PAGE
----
He said: “That is considering the land value based on the N7 billion at the time of the transaction between RIL and the Federal Government. It can be inferred that the asset would have had at least an average of 360 per cent to 500 per cent increase in market worth if put to use, after about three years to redevelop it.”
Bamigbola said to revamp the building will require structural experts to carry out a study of the existing structure like it was done on the other towers of the collapsed building of Fourscore Heights Limited in Ikoyi.

According to him, the state government has to be involved in this because of the magnitude of the structure and the associated safety concerns, which such development may generate, as well as the extant development laws and regulations in the state, particularly the land use and Urban and Regional Planning laws.
“These are critical regulations, which have to be adhered to in all forms of development by all, ” he said.

The President, Nigerian lnstitution of Estate Surveyors and Valuers, (NIESV) Mr. Johnbull Amayaevbo, also said the economy is losing trillions of naira to what can be described as a monument wasting away.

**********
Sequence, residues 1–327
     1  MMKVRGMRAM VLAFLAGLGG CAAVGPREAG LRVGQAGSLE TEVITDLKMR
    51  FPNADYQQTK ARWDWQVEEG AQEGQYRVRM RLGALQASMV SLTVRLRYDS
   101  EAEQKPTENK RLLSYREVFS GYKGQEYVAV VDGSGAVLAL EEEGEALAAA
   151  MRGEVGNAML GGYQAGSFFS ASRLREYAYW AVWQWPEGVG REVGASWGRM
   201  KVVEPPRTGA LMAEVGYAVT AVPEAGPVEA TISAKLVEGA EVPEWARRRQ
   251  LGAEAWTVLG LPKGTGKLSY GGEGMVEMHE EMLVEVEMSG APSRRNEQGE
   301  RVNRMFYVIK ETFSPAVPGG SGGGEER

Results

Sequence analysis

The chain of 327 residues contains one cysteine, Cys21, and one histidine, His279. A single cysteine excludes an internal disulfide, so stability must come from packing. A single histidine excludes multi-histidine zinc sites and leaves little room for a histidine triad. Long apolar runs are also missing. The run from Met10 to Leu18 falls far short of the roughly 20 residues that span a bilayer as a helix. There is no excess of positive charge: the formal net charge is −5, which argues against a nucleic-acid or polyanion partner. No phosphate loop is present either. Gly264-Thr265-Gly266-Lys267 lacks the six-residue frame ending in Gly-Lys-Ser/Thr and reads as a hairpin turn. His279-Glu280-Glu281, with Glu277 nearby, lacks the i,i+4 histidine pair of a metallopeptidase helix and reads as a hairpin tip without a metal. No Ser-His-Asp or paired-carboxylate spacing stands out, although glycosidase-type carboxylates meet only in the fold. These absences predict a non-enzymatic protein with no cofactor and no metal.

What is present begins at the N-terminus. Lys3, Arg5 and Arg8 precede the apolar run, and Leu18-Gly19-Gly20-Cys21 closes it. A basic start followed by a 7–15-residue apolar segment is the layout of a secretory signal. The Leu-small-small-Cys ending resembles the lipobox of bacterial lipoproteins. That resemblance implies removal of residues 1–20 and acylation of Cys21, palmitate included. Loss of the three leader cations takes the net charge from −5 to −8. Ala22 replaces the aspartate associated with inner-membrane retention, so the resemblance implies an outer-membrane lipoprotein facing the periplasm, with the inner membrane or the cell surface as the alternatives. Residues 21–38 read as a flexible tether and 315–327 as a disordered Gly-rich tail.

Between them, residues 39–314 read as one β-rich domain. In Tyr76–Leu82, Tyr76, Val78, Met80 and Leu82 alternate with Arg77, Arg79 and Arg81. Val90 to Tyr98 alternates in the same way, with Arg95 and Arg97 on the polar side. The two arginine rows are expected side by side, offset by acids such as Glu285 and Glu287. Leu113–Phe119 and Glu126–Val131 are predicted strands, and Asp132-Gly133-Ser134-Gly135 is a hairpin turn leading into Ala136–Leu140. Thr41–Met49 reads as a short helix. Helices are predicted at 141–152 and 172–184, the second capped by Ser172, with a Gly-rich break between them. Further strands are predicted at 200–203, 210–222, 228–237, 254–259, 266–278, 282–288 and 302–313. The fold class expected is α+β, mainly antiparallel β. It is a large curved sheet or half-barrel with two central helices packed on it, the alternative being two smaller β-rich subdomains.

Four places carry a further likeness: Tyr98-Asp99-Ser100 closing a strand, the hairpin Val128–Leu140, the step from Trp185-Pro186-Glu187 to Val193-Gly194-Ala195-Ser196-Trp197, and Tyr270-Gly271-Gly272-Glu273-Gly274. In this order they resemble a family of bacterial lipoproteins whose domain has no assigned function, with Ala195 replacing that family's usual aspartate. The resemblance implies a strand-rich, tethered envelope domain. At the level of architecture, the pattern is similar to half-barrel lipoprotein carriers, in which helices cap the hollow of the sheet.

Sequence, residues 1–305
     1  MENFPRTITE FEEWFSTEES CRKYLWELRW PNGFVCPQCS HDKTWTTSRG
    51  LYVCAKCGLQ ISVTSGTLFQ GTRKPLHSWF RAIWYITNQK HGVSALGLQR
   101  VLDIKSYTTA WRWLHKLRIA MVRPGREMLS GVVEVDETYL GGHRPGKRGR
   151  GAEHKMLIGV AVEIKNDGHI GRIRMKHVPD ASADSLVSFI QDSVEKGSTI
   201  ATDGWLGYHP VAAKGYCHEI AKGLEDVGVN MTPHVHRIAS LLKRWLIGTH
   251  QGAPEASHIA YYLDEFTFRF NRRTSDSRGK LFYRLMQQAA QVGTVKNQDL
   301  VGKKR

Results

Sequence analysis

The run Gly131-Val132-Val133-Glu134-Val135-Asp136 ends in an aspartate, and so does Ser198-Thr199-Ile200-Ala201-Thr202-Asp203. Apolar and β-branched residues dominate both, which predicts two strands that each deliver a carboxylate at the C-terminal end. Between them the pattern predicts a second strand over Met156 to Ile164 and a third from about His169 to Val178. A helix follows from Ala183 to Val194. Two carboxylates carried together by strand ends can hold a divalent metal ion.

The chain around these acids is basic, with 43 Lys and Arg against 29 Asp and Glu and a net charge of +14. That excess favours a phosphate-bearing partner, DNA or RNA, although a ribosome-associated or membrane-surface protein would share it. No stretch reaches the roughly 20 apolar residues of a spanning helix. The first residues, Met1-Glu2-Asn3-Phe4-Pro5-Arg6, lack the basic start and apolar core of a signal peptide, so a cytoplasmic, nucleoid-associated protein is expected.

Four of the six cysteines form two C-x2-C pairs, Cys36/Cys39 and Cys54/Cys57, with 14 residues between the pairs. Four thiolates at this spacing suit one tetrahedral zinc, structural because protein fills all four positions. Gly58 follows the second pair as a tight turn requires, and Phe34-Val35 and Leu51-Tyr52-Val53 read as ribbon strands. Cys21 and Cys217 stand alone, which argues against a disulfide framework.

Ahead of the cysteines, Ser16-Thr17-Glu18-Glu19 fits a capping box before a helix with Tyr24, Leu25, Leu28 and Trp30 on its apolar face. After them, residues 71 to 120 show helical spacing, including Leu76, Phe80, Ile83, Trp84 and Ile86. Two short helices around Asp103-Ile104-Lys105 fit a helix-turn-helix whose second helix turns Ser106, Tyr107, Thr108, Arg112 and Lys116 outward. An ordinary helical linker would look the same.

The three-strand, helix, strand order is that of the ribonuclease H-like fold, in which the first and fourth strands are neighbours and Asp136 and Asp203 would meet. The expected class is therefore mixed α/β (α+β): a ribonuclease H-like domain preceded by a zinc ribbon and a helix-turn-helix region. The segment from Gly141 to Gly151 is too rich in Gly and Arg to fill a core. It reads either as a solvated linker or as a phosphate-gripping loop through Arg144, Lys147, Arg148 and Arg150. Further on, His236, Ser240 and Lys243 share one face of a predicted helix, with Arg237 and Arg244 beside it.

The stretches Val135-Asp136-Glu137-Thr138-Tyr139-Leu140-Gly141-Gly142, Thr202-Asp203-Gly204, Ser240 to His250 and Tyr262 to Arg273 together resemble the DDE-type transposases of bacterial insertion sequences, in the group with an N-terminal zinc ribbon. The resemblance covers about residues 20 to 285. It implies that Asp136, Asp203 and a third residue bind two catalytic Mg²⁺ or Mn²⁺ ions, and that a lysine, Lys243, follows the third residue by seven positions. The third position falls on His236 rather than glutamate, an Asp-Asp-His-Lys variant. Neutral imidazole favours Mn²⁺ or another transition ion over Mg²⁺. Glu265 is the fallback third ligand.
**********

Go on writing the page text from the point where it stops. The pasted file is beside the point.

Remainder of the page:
He argued that the Olusegun Obasanjo administration missed it, as the government should have handled the Federal Secretariat project, the same way it resolved the 1004 estate in Lagos by adopting a commercialisation and privatisation policy.

Amayaevbo said: “But now, there have been issues on the project between a company and Lagos State Government. We should try as much as possible to move politics away from what will benefit the majority of Nigerians. Imagine the huge number of unemployed people the project would have taken away from the market. Imagine the number of people working in 1004 estate today and equate it to what could have been at the Federal Secretariat.”

According to him, besides wasting the asset, it is costing the society more in terms of insecurity. He said the earlier parties to the project resolved all the issues the better it will be for the country.
“ We can not rule out the possibility that the location can be used as a den for armed robbers, and to perpetuate other forms of criminality, “ he said.